Early on when I was writing, I was making a serious effort to write Christian romances, and the ones I had read had a lot of references to God and a few quotes from Scripture. I found it difficult to write this way because it felt like I forcing God into the storylines. (The books where I wrote from this angle were An Unlikely Place for Love, Falling In Love With Her Husband, and An Inconvenient Marriage.) I was never comfortable writing this way because I felt like I had to keep hitting people over the head with a Christian message rather than letting the story just play out as it wanted to. After attending a Christian writing conference, I came across someone who gave a workshop where he explained that planting seeds is just as important as bringing in the harvest. In other words, a writer didn’t have to preach God to the reader. They could just write the book from a Christian worldview. That changed everything about about the way I approached writing, and I was finally comfortable in my writing skin. Sometimes it takes a writer time to figure out where they fit in with a world full of other writers. 😀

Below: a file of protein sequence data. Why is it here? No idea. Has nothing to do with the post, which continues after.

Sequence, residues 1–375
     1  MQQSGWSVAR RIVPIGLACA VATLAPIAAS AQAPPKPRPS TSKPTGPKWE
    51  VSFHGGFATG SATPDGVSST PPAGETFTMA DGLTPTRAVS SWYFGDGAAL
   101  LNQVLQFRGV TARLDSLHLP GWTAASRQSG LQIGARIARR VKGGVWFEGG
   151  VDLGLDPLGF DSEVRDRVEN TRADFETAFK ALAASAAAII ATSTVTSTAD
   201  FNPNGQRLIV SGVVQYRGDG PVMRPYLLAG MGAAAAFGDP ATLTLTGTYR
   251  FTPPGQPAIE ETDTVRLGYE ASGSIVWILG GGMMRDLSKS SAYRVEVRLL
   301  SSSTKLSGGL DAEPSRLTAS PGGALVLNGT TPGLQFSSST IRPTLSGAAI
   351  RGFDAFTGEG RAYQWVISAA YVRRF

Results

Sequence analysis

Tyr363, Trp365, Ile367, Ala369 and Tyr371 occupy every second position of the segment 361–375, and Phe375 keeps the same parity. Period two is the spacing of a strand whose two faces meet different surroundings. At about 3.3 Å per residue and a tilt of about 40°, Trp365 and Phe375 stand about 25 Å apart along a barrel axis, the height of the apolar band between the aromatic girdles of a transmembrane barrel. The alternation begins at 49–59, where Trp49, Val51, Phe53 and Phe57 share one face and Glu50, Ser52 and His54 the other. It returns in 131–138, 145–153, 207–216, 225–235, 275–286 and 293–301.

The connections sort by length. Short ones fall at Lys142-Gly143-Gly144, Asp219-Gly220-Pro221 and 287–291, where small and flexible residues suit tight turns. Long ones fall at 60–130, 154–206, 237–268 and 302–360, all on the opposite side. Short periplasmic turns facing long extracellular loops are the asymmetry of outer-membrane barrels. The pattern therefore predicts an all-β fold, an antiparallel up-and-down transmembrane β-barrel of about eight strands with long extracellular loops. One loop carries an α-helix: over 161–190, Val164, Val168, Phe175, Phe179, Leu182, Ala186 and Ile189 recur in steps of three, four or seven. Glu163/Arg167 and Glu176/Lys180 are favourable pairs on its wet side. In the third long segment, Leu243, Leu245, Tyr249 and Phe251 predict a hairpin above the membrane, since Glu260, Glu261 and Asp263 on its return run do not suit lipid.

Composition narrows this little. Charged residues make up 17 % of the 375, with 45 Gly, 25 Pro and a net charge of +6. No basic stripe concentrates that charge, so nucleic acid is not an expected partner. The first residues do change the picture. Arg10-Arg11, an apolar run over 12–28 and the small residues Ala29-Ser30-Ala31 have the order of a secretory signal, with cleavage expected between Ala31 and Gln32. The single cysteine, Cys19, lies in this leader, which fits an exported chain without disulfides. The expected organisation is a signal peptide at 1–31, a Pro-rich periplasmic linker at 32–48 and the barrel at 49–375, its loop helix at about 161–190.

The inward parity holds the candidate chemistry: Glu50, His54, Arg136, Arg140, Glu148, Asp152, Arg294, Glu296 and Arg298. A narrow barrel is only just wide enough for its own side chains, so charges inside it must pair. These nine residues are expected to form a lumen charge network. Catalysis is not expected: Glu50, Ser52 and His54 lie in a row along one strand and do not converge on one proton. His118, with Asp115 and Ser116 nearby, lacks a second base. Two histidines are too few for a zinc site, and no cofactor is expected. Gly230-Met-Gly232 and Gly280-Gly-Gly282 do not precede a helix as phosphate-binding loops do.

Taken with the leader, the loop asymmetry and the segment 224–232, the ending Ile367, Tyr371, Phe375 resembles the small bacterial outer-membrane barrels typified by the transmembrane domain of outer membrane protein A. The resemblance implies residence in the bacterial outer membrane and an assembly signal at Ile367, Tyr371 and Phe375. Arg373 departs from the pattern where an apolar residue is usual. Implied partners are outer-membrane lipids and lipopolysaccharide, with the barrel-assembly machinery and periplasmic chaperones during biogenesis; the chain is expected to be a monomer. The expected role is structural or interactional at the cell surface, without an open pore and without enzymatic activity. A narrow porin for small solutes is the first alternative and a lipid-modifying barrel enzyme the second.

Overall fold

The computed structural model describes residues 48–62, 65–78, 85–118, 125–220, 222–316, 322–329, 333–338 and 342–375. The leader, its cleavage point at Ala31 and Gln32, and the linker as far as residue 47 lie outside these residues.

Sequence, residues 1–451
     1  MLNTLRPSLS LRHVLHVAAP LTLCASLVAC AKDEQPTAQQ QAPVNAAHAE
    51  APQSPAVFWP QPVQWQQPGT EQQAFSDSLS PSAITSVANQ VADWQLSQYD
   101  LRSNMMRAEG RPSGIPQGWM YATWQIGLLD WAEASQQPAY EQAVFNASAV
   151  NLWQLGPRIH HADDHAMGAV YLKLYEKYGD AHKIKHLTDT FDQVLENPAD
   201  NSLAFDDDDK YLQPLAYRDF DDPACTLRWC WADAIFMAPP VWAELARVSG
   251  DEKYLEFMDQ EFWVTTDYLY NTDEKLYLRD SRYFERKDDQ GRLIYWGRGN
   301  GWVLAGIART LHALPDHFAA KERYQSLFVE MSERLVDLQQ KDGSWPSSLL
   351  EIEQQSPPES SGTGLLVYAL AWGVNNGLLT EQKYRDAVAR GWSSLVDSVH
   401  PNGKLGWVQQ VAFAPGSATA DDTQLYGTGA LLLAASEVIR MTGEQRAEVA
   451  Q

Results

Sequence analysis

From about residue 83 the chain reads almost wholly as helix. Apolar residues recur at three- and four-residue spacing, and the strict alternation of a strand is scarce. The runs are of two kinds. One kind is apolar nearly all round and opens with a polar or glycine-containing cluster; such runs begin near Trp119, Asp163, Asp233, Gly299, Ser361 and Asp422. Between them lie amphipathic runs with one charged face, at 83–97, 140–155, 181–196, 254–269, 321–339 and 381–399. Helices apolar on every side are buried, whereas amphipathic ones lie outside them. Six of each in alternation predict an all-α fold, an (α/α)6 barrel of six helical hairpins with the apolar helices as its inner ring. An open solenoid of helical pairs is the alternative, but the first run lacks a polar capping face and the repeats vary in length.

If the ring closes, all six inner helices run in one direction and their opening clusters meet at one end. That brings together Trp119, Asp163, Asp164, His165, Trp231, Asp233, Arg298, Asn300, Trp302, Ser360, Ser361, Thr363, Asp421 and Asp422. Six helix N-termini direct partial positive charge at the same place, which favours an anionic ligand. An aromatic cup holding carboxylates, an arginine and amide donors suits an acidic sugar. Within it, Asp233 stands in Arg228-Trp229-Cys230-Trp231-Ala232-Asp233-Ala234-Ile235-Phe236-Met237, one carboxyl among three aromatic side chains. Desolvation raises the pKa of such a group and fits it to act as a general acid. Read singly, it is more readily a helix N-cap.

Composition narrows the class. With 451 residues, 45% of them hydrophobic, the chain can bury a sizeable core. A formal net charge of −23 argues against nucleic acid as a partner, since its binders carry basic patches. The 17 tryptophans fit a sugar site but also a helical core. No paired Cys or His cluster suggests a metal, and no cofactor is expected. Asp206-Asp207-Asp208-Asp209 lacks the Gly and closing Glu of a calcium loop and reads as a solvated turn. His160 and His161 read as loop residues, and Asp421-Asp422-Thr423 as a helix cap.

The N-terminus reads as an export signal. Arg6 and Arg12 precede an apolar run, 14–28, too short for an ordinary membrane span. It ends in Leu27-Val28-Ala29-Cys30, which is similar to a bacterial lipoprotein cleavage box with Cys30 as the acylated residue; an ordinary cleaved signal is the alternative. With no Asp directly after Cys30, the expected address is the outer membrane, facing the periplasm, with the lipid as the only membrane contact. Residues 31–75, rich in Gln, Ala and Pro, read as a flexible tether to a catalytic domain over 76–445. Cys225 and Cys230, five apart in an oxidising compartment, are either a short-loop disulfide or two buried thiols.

The Cold Wife was an arranged marriage type of book that turned out to be more difficult to write than I expected. At the time, I thought I had to make the book at least 95,000 words since An Inconvenient Marriage and An Unlikely Place for Love were about that long. So I extended the original version way longer than I should have. Later, I realized I didn’t have to write every single book in a series at the same length, so I ended up trimming this book down to what I had originally wanted it to be.